Katrin Schweitzer, Kerstin Eckart, Markus Gärtner, Agnieszka Falenska, Arndt Riester, Ina Rösiger, Antje Schweitzer, Sabrina Stehwien, Jonas Kuhn. German Radio Interviews: The GRAIN Release of the SFB732 Silver Standard Collection. In: Proceedings of the 11th edition of the Language Resources and Evaluation Conference (LREC), 7-12 May 2018, Miyazaki (Japan). 

[1] Eckart, K. and Gärtner, M. (2016). Creating Silver Standard Annotations for a Corpus of Non-Standard Data. In Dipper, S., Neubarth, F., and Zinsmeister, H., editors, Proceedings of the 13th Conference on Natural Language Processing (KONVENS 2016), volume 16 of BLA: Bochumer Linguistische Arbeitsberichte, pages 90–96, Bochum, Germany.

[2] Mayer, J. (1995). Transcribing German intonation – the Stuttgart system. Technical report, Universität Stuttgart. (online version)

[3] Möhler, G. (2001). Improvements of the PaIntE model for F 0 parametrization. Technical report, Institute of Natural Language Processing, University of Stuttgart. Draft version.

[4] Rapp, S. (1998). Automatisierte Erstellung von Korpora für die Prosodieforschung. PhD thesis, IMS, Universität Stuttgart. AIMS 4 (1).

[5] Rebholz-Schuhmann, D., Jimeno-Yepes, A. J., van Mulligen, E. M., Kang, N., Kors, J., Milward, D., Corbett, P., Buyko, E., Tomanek, K., Beisswanger, E., and Hahn, U. (2010). The calbc silver standard corpus for biomedical named entities - a study in harmonizing the contributions from four independent named entity taggers. In Chair),
N. C. C., Choukri, K., Maegaard, B., Mariani, J., Odijk, J., Piperidis, S., Rosner, M., andTapias, D., editors, Proceedings of the Seventh International Conference on Language Resources and Evaluation (LREC’10), Valletta, Malta. European Language Resources Association (ELRA).

[6] Reyle, U. and Riester, A. (2016). Joint information structure and discourse structure analysis in an Underspecified DRT framework. In Hunter, J., Simons, M., and Stone, M., editors, Proceedings of the 20th Workshop on the Semantics and Pragmatics of Dialogue (JerSem), pages 15–24, New Brunswick, NJ, USA.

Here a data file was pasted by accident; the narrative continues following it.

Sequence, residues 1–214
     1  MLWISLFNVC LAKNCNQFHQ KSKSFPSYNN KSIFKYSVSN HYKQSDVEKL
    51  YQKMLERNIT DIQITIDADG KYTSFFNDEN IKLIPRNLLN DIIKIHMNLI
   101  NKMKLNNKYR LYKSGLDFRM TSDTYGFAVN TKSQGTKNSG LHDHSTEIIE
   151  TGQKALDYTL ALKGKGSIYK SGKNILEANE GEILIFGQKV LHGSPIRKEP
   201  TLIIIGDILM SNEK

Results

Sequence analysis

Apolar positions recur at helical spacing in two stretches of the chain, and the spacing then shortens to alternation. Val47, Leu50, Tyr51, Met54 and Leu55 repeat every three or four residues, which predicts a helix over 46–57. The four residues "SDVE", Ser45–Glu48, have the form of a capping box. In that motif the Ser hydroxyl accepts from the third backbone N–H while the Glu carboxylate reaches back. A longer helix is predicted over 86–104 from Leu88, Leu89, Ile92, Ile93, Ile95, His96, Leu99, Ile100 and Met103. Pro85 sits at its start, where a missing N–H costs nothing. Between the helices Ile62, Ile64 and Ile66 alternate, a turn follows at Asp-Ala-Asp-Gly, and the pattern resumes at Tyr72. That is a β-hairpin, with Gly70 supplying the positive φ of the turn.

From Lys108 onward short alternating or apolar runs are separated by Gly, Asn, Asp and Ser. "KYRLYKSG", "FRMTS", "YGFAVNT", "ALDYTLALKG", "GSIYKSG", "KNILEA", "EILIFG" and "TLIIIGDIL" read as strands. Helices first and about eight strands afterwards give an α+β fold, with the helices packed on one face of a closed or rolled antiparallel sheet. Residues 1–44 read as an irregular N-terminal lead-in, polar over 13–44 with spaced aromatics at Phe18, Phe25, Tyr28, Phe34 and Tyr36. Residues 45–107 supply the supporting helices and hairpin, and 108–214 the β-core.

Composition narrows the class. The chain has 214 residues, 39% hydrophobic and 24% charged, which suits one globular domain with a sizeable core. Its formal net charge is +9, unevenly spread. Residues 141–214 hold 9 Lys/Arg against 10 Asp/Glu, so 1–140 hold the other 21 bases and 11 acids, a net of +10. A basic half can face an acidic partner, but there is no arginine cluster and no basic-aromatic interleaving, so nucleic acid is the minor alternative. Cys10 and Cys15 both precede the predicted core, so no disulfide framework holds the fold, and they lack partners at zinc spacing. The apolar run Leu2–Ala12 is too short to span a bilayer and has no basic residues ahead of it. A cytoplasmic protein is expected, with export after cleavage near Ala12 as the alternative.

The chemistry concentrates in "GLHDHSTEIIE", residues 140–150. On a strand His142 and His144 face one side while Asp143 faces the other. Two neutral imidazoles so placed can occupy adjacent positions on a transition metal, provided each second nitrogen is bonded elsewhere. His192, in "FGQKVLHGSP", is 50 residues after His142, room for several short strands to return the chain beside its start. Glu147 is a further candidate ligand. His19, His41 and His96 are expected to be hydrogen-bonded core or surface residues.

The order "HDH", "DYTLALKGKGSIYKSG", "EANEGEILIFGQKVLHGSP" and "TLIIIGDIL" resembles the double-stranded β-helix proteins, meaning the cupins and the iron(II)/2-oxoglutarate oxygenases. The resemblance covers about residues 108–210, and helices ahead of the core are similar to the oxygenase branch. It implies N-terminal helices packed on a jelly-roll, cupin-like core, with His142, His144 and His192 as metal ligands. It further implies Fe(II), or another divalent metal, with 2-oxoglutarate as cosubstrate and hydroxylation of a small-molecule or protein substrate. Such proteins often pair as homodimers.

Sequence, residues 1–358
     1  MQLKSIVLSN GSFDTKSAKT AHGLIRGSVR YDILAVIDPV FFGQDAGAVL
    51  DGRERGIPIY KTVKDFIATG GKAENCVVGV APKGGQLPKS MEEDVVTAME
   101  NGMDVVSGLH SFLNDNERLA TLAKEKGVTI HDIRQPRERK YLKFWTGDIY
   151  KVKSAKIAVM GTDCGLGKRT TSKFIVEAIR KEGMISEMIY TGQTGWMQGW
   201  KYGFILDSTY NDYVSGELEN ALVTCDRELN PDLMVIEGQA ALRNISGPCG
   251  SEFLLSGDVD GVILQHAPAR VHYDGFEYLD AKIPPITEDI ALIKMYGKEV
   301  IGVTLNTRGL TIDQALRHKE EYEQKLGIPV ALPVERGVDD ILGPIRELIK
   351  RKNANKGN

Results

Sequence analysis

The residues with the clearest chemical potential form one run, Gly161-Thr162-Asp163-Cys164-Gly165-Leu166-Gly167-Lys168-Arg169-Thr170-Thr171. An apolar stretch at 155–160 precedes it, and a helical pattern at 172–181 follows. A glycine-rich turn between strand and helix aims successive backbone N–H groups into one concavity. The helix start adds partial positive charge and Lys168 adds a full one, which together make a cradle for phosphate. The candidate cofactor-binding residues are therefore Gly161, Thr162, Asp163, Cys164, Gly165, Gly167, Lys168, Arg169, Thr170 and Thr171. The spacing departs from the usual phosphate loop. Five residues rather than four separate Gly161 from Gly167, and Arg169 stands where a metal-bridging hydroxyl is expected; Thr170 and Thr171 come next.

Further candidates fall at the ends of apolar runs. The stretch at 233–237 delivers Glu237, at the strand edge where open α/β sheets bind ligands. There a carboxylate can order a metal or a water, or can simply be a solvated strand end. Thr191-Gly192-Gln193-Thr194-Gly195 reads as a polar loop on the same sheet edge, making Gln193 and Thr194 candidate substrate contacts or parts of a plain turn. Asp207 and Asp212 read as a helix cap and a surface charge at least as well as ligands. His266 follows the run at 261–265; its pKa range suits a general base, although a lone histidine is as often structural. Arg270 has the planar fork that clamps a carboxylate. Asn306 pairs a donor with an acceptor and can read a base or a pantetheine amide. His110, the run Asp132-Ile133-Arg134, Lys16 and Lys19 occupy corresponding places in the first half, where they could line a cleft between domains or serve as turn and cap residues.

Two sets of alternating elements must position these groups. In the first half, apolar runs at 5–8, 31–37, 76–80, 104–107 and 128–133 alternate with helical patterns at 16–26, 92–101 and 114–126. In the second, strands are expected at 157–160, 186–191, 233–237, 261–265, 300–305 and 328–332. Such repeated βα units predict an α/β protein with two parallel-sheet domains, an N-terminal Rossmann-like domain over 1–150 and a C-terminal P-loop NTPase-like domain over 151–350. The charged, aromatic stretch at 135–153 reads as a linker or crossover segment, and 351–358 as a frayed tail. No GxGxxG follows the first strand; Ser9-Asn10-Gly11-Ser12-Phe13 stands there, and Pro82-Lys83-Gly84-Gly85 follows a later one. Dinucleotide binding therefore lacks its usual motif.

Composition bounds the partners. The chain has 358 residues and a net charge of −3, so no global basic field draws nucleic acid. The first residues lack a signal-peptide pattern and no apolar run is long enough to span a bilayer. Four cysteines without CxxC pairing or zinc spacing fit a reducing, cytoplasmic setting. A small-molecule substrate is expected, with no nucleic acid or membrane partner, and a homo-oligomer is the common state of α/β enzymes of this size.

[7] Riester, A. and Baumann, S. (2017). The RefLex Scheme – Annotation Guidelines, volume 14 of SinSpeC. Working Papers of the SFB 732. University of Stuttgart.

[8] Riester, A., Brunetti, L., and De Kuthy, K. (to appear). Annotation guidelines for Questions under Discussion and information structure. In Adamou, E., Haude, K., and Vanhove, M., editors, Information Structure in Lesser-Described Languages: Studies in Syntax and Prosody. Benjamins, Amsterdam.

[9] Schmid, H. (1994). Probabilistic part-of-speech tagging using decision trees. In International Conference on New Methods in Language Processing, pages 44–49, Manchester, UK.

[10] Schweitzer, A. (2010). Production and Perception of Prosodic Events – Evidence from Corpus-based Experiments. Doctoral dissertation, Universität Stuttgart.

[11] Seeker, W. (2016). Guidelines for the Annotation of Syntactic Structure in the IMS Interview Corpus.

[12] Stehwien, S. and Vu, N.T. (2017). Prosodic event detection using convolutional neural networks with context information. In Proceedings of Interspeech, pages 2326–2330.

[13] van Santen, J. and Hirschberg, J. (1994). Segmental effects on timing and height of pitch contours. In Proceedings of the 3rd International Conference on Spoken Language Processing (ICSLP 94), pages 719–722, Yokohama, Japan, 09.